5 Mindful minutes


5 Mindful Minutes...




"It's easy to stop noticing the world around us. It's also easy to lose touch with the way our bodies are feeling and to end up living 'in our heads' – caught up in our thoughts without stopping to notice how those thoughts are driving our emotions and behaviour." 

Professor Mark Williams, former director of the Oxford Mindfulness Centre







Mindfulness is a technique that focuses on bringing your attention to the present moment. It involves noticing what is happening to your surroundings by using your senses, without casting judgement. Mindfulness is about just being, stepping ‘out of your head’ to pay attention to your body and the world around you. 


Although Mindfulness is simple, it can be difficult to those constantly on the go. For children, Mindfulness can be especially hard, as they’re eager to be involved in various activities, and the thought of sitting and just ‘being’ sounds a little boring! With that in mind, we’ve gathered five Mindfulness activities that you can practise with your little people, to encourage them to be a little more mindful. We’ve designed the tasks to be a little more engaging, but the intent remains the same. Each task is designed to last at least five minutes, but you can practise for as long as you like. 


1. Guess the object

Pick a small selection of items in a variety of shapes and textures. Have your little one close their eyes and then pass them one item at a time, having them guess what they’re holding. Ask them open and closed questions (examples below) to encourage them to try to work out what the item is.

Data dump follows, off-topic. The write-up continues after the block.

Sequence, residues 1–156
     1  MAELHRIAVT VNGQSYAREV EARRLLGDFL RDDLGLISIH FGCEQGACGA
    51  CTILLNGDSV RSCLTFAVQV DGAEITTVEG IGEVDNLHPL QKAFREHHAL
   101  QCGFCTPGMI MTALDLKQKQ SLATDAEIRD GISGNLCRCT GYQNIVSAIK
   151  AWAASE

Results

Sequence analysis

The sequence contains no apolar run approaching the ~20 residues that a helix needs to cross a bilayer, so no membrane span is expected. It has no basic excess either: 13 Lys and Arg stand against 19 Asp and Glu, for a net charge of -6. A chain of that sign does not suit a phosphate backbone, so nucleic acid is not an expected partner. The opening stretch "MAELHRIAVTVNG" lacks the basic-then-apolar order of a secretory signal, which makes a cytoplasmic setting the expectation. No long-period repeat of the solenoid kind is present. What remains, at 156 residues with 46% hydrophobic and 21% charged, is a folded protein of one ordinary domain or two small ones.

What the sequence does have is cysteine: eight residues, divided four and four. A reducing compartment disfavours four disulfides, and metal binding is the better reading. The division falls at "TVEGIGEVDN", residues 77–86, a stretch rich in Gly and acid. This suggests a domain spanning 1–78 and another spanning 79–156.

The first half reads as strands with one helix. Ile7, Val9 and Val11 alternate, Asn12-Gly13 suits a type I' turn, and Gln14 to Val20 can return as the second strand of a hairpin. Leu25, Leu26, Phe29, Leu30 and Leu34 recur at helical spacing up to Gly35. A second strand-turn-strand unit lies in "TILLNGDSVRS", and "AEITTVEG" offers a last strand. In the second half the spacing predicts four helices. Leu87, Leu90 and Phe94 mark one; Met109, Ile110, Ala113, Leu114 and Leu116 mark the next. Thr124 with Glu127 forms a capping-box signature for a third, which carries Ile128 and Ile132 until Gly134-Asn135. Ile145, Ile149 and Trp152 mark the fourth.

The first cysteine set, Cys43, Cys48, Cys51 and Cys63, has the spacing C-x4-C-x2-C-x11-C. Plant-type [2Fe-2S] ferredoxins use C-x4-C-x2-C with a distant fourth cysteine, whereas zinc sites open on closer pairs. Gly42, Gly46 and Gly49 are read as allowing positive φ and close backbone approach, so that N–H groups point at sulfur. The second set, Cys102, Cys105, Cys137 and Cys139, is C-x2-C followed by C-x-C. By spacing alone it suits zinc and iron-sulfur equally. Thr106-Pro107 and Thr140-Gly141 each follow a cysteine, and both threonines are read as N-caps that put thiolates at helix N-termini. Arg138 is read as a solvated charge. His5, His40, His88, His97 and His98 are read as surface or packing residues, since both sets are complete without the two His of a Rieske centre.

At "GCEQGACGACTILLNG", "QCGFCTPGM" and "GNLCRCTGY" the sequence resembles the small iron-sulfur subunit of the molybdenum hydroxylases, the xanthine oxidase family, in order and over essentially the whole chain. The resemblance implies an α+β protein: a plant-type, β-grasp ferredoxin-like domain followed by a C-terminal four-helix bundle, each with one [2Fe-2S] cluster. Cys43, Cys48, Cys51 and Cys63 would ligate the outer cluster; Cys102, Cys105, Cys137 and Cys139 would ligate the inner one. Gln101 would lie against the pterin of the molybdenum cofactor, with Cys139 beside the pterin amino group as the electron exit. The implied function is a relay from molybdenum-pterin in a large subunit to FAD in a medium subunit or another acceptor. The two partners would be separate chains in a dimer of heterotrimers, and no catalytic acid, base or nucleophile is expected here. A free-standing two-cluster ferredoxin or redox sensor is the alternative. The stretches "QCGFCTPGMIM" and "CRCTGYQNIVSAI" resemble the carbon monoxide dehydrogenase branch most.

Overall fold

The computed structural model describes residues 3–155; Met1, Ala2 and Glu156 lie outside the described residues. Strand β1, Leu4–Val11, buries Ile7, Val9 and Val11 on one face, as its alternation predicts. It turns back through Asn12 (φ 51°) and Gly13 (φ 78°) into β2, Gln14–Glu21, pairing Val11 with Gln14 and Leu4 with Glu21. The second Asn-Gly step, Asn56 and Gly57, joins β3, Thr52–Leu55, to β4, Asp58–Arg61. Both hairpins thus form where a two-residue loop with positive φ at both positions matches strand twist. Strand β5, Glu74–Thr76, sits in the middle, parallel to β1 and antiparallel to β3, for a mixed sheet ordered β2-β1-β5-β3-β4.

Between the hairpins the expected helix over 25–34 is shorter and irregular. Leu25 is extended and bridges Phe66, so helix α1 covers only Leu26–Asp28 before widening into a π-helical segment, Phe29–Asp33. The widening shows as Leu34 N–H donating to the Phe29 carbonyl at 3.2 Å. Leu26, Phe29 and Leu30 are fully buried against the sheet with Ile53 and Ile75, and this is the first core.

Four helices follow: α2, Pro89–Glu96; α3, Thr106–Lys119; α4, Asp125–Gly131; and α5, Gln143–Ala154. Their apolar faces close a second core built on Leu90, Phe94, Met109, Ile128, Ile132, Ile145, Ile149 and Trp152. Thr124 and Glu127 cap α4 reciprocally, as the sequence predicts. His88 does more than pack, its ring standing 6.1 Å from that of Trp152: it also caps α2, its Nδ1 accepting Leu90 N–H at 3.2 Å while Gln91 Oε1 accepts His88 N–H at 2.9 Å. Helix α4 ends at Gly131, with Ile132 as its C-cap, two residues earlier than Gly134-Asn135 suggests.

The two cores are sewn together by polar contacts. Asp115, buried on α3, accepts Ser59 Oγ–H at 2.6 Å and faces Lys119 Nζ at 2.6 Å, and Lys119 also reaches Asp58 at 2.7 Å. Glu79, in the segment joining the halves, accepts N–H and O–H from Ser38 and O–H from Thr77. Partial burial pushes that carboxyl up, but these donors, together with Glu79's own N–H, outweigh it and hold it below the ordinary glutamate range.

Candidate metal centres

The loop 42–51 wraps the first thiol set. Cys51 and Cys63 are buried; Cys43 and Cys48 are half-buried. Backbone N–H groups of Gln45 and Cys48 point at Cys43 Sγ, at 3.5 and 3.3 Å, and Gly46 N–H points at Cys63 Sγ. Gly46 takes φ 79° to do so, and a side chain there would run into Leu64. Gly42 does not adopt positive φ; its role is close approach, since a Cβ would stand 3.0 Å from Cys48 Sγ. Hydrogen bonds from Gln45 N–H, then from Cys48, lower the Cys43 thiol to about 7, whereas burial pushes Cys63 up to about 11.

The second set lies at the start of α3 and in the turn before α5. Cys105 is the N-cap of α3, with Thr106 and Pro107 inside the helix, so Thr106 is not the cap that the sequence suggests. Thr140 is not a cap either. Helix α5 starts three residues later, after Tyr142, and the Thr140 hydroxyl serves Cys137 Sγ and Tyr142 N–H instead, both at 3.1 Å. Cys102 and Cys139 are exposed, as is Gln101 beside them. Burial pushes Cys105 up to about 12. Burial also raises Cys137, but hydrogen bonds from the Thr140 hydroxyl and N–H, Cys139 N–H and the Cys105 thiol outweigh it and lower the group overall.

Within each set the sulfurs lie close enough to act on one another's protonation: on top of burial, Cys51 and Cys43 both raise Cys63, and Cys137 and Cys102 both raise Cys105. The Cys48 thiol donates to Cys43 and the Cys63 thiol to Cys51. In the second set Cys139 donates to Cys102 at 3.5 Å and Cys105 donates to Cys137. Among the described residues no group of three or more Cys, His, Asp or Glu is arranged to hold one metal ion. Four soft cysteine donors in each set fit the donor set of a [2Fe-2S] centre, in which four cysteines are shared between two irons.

Example questions:

What shape do you think this item is?

What material do you think this item is made out of?

Does this item have any type of smell?

Do you think this item is heavy, or light?

Does this item remind you of anything?

When do you think you would use this item?


2. Go on a Mindful walk

Go for a walk (either through the streets or somewhere a little rural) and chat about things you can see, hear, smell and touch. If you are walking through the streets, observe the variation of houses/doors/gardens. Together, see if you can imagine the people that may live there, or the pets they may have. Remember to be mindful of people’s privacy, and not to touch any property or pry into any houses!


3. Practise Cookie Breathing - 

This is a simple breathing exercise to practise with your child, but you can do this as simple or as elaborate as you like. When you inhale, breathe in through your nose, imagining the smell of your favourite cookie. When you exhale, breathe like you are blowing out a candle, or (in this instance) cooling down a cookie. Practise this several times. To prolong this activity, ask your child questions such as “what can you smell?” and facilitate a discussion about the cookie, such as the shape, texture, smell and taste. 


4. Animal steps/high intensity movements

Take turns picking different animals, and then spent 30 seconds stomping around like said animal. You can either choose verbally, or each write down your choices and put them into a hat/bag to pull out. You could even add in various emotions, such as “Angry Elephant” or “Happy Tiger”. Ask questions such as “can you feel any changes in your body?” and “how do your legs feel after stomping like an elephant?”.


5. Listen to the noise -

Collect kitchen items such as a pan, bowl, cup, and spoon, and take your little one somewhere quiet. When you’re both ready, use the spoon to tap (gently) on the items, one at a time, and listen for how long the noise is made. Be careful to not use items of value, or that may break easily. Facilitate a conversation around the variation of noises, asking your little one to describe what each sounds like.